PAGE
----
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Sunday, 25 September 2016

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The advent of the first Sinhala newspaper

It is rather ironic that in a majorly Sinhala populated country, the first newspapers were in the medium of English. Not so ironic, but falling in line with the course of contemporary trends. After all, the ruling class of this colonial outpost was English, and furthermore, the native language and literature had plummeted low due to turbulent politics that had raged for years, that the springing of a newspaper in the local language seemed to be a near impossibility on linguistic and literary grounds.

But, it did spring, first one, and then a whole host of them. Today, they are popularly known as pattara or puvath path, but at the outset they were known as Nowus kadadasi or Aranchi patra. Gradually, the word Puwath patha seeped into useage.

Academics

What was the first Sinhala newspaper? It was the Lankalokaya and it debuted from a press in Galle in June 1860. Its price was given as 6 pence. It was published on behalf of C.W.K. Jayawardena Mudaliyar by W. E. Eating. Editor, was lawyer William Perera Ranasinghe. These are facts given in a text by K. D. P. Wicremesinghe, though other sources including academics such as Dr. K. D. Paranavithana quote Ven. Bulathgamuwe Dhammalankara Siri Sumantissa as the editor.

Facts about this newspaper cannot be easily deciphered due to the long passage of time. The only copies available are photocopies preserved today in the National Archives. It is the first copy of these photocopies that gives the year of debut as 1860. Date: -- September 10. The first page of this gives the following vital facts:

*This Pathraya, Lankalokaya is published two days a month, ie. on the 10th and 24th. A detail is added, "If these days fall on Sundays, the paper will be published the subsequent Monday."

Following instructions are also given:

"Those who subscribe articles should send them 2 or 3 days in advance."

"When making payments (for a monthly lot, maybe) an advance payment has to be made. Otherwise, the payment is defunct".

Such instructions transpire a systematic management of the first newspaper at the very outset.

Priority

Advertisements seem to have got priority right from the start. Here is a sample on the first page itself, and is entwined with or running with the coaches that have begun to run along the coastline, along the Colombo - Matara road.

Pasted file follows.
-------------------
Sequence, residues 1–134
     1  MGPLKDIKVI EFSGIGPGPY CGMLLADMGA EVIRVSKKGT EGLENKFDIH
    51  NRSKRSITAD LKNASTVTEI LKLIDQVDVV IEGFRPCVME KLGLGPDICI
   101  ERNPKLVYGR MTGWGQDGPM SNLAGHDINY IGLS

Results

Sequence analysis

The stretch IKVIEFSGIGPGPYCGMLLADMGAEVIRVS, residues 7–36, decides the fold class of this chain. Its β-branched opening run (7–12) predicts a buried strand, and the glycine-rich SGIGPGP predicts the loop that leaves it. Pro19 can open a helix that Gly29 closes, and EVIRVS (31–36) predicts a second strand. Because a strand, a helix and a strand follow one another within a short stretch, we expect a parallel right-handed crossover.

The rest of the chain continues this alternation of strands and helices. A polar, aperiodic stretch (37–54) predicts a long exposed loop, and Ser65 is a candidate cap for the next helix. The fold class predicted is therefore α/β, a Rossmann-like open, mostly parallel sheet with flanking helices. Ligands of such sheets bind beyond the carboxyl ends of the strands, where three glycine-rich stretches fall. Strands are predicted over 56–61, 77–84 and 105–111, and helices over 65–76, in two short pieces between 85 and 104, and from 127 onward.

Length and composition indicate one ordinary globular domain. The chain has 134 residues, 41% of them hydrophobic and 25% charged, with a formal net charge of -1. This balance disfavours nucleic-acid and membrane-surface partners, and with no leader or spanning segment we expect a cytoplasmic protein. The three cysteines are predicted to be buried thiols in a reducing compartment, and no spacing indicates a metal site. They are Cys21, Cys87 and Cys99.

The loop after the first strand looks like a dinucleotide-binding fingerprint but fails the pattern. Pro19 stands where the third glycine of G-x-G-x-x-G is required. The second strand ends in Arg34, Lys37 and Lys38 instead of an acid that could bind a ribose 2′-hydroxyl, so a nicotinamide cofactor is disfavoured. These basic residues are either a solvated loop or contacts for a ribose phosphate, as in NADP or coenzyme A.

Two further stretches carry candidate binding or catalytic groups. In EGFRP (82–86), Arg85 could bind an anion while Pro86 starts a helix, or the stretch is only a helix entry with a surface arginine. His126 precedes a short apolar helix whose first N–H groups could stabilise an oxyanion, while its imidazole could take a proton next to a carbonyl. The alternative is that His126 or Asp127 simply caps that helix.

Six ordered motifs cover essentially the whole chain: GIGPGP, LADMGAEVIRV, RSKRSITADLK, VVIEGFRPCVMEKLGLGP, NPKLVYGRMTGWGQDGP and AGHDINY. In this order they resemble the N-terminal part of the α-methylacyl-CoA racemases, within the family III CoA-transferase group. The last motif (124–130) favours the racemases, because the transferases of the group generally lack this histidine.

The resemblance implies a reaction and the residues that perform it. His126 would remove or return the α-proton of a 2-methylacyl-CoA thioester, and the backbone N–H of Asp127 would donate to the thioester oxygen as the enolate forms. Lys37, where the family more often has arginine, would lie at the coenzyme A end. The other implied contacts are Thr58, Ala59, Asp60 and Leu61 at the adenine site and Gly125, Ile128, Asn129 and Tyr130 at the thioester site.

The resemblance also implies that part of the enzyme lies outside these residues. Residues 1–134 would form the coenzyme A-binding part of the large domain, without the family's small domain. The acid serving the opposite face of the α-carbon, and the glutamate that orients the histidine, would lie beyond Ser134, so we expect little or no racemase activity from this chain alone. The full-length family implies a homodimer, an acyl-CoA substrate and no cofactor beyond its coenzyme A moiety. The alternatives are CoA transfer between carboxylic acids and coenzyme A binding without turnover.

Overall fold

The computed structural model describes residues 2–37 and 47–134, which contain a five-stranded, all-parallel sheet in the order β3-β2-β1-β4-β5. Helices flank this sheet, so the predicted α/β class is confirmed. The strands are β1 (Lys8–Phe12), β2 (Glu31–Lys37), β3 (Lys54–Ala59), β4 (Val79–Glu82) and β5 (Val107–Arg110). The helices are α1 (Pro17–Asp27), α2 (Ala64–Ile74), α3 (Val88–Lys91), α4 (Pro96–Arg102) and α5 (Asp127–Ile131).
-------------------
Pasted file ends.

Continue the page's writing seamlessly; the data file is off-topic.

(The word 'coach' later seems to have erupted into the word koachchiya not driven by horses this time, but by iron monsters).

"The food meant for the horses of the coaches running to Matara, (according to info received) are being robbed in the stables of Habaraduwa, Goiyyapana and Mirissa. If anybody gives us information on these miscreants a pound will be awarded."

The rest of the pages are on the Manthrana sabha (Legislating body) and the High Judiciary body (Uthum Adikarana sabha).

Reports of court cases and episodes related to court cases too are given. Foreign news too is given a place. Here are some stray news.

"His highness General Aubrien has been appointed head of the troops".

Deported

"Out of those miscreants deported to Malacca from Ceylon, six have died on the way. One of them is Goonethileka from Harispattuwa".

So Malacca has linked with South Africa and Mauritius as places of deportation for criminals or those suspected of, treachery to state, who seem to be in plenty.

The title of the reigning queen of the times (probably queen Victoria) too finds mention in an instance of the withdrawal of a complaint.

There is also a curious mention of the arrival of the family of Governor Ward at the harbour of Galle, "last Friday," but, what is curious is the wording, "paralokaprapthavu Sir Henry Ward" or the deceased Governor Ward. The only British Governor to die here was an Anderson. Maybe, a bungling of words, as happens in many a newspaper world.

Galle harbour, however, seems to have been the entry and departure point for international travellers. But, it was soon to give way to Colombo harbour, till of course oceanic travel succumbed to air travel. The city of Galle itself sank into oblivion with these developments though its heritage aspect was never obliterated .

Coming back to newspapers, for a maiden paper, Lankalokaya does stand high as regards content. The reasons for this can be surmised as the patronage given by English newspapers. Since the reading clientele was different (English readers vs Sinhala readers) there was no necessity for rivalry and on request, news that reached the English newspapers via cables were given over to the Sinhala papers.

(Main source: text by Siri Thilakasiri published by Godage International)

 

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